Originally Posted by RunnerWhisperer
I have a question about duck eggs: How long can you keep them in the fridge? The same as chicken eggs?
Edited by zzGypsy - 8/16/11 at 12:16pm
In general, they'll keep longer because the shells are thicker. eggs spoil because bacteria get inside, or because they dehydrate... thicker shells slow down air exchange and are less likely to have open pores and cracks. unwashed eggs with the bloom on (which helps to seal the shell) keep even longer.
Before I first started supplying all my friends with duck eggs (when I had the 18-eggs a day Goldens), I had quite a surplus. I'd heard that duck eggs, especially because of their thicker shells, would keep "quite a long time" at room temp (if unwashed to leave the bloom intact.) Being an engineer, "quite a long time" was not a very satisfying bit of info.
So, I conducted The Great Egg Experiment.
I collected 4 days worth of eggs, about 60 eggs, unwashed, in standard egg cartons on my counter. After about a week, I'd check the eggs every couple of days, removing any that had darkened, or showed dark lines or cracks (signs of spoilage) or seemed particulary light (signs of dehydration). Once a week, I'd crack one or two open to see how they were doing. Here's what I learned.
Some small percentage will spoil. perhaps a dozen or so out of the 60ish eggs showed signs of spoilage or dehydrated quickly.
Some smaller percentage will lose a fair amount of moisture and dehydrate and get gummy, I think there were 5 or 6 of these. the air pocket enlarges inside the shell, the egg gets smaller and denser, basically dries out somewhat, but doesn't spoil. I don't know what the food safety folks will say, but I've got a 50-something year old cookbook that says use 'em in baking anyway if they don't smell bad or look discolored, just add cooking oil to make up the missing volume. (BTW, I *don't* use them anyway, so I don't know if that works or not. My dogs got the gummy ones. The dogs are still alive.)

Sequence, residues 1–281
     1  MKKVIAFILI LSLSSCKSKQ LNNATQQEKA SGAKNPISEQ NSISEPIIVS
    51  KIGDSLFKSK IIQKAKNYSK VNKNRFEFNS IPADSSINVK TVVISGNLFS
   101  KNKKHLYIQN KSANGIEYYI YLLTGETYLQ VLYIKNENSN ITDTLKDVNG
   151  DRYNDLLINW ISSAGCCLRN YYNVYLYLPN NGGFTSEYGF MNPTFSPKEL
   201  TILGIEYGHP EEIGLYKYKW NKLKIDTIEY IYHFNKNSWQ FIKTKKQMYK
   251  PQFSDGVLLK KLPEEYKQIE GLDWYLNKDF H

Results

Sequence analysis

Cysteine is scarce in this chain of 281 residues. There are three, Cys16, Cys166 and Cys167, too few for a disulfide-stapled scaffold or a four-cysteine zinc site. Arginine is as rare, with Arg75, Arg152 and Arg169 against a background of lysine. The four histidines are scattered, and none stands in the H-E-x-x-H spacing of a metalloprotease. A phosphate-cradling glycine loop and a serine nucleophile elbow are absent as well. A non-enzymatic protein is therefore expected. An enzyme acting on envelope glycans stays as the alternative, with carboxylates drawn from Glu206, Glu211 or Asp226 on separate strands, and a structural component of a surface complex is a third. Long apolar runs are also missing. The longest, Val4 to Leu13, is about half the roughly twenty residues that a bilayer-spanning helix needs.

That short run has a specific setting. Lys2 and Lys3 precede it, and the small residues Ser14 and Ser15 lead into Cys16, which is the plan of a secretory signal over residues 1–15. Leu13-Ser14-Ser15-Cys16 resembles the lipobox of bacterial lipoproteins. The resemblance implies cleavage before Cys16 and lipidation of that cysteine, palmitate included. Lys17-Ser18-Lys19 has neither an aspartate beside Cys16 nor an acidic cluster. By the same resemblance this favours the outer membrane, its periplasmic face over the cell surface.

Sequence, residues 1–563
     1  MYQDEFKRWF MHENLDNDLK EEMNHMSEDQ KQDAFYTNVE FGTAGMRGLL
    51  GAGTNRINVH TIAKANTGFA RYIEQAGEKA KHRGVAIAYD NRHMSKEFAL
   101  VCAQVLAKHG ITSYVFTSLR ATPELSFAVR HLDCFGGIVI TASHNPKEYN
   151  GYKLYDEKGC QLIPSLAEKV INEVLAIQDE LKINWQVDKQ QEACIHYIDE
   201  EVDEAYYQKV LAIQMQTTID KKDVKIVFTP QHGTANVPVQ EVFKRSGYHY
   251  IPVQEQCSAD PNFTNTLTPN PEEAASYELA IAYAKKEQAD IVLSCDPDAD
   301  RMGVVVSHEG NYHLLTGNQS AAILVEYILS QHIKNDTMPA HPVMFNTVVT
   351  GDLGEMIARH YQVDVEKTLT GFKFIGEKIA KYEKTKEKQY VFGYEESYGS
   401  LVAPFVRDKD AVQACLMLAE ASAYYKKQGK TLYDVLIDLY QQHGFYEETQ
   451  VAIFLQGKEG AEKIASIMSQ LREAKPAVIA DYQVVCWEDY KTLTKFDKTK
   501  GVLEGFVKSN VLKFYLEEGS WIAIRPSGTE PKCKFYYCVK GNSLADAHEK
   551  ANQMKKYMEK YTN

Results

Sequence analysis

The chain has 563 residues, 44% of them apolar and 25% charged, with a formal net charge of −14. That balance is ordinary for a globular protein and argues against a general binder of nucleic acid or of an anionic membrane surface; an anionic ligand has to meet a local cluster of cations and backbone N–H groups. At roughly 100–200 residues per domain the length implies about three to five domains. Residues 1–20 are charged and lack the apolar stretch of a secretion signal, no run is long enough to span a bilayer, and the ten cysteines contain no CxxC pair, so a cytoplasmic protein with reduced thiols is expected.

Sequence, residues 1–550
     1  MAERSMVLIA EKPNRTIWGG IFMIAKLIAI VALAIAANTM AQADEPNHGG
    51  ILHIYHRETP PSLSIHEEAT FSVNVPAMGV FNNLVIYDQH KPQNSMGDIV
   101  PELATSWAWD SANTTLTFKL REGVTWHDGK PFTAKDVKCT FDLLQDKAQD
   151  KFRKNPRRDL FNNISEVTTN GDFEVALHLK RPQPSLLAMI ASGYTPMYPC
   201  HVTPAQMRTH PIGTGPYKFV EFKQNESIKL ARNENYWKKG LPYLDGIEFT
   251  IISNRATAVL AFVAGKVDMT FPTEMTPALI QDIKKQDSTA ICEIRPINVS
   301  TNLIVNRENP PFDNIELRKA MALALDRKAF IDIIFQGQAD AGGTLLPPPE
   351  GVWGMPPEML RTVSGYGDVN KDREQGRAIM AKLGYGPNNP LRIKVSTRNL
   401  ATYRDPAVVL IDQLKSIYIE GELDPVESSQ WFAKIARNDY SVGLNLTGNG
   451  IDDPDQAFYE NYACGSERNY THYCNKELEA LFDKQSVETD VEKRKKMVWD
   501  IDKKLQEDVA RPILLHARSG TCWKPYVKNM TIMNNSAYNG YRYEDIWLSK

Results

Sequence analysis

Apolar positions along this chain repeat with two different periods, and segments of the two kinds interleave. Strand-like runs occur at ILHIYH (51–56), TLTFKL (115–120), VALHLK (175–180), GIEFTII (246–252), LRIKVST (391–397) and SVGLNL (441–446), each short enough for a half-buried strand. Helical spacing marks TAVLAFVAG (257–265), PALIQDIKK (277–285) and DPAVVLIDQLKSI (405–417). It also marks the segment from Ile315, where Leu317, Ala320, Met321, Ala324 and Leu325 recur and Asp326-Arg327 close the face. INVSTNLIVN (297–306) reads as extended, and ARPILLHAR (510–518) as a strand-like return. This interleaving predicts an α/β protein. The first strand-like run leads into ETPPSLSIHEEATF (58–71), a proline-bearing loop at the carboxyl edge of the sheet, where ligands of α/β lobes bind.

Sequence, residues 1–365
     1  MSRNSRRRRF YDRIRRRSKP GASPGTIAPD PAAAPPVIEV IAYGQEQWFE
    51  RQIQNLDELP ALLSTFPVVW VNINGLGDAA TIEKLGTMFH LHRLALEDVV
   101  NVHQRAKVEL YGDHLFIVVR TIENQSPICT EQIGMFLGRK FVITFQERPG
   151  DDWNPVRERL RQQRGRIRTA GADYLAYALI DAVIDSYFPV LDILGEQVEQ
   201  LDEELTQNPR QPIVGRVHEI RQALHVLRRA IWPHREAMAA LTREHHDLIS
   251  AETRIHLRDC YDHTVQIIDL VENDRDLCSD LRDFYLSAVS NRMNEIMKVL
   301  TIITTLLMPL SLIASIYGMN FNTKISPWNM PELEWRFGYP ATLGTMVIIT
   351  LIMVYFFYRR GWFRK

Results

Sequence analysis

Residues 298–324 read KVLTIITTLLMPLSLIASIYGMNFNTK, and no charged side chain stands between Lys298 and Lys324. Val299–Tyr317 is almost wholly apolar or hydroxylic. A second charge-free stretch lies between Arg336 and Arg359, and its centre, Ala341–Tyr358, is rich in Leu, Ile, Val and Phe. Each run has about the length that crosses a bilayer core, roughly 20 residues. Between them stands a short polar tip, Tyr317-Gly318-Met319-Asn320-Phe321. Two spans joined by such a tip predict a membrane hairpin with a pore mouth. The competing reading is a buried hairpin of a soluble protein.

The majority of the eggs were good when I cracked them. some had slightly larger air pockets inside the shells, and some had slightly less clear whites (a little foggy), but they hadn't changed color, smell, texture in any significant way. So I ate them. (not only are the dogs still alive, but so am I!)
I ran out of counter-stored eggs 4 and a half months into the process.
So, according to The Great Egg Experiment, intact unwashed duck eggs will keep on the counter 4.5 months or maybe longer.
of course you do want to check for spoilage more frequently... any that turn can become pressurized stink grenades waiting to go off when bumped.
at any rate I keep my eggs on the counter, and just rotate them so I use the older ones first. and because we eat a lot of them, there's little chance that any of them will get more than a week old.
One last thought, I've been told by a former egg-producing professional that once an egg is refrigerated, it must be kept refrigerated from then on. if it's subsequently stored at room temperature an infertile egg will spoil and a fertile one will start to develop a duckling/chick and then rot.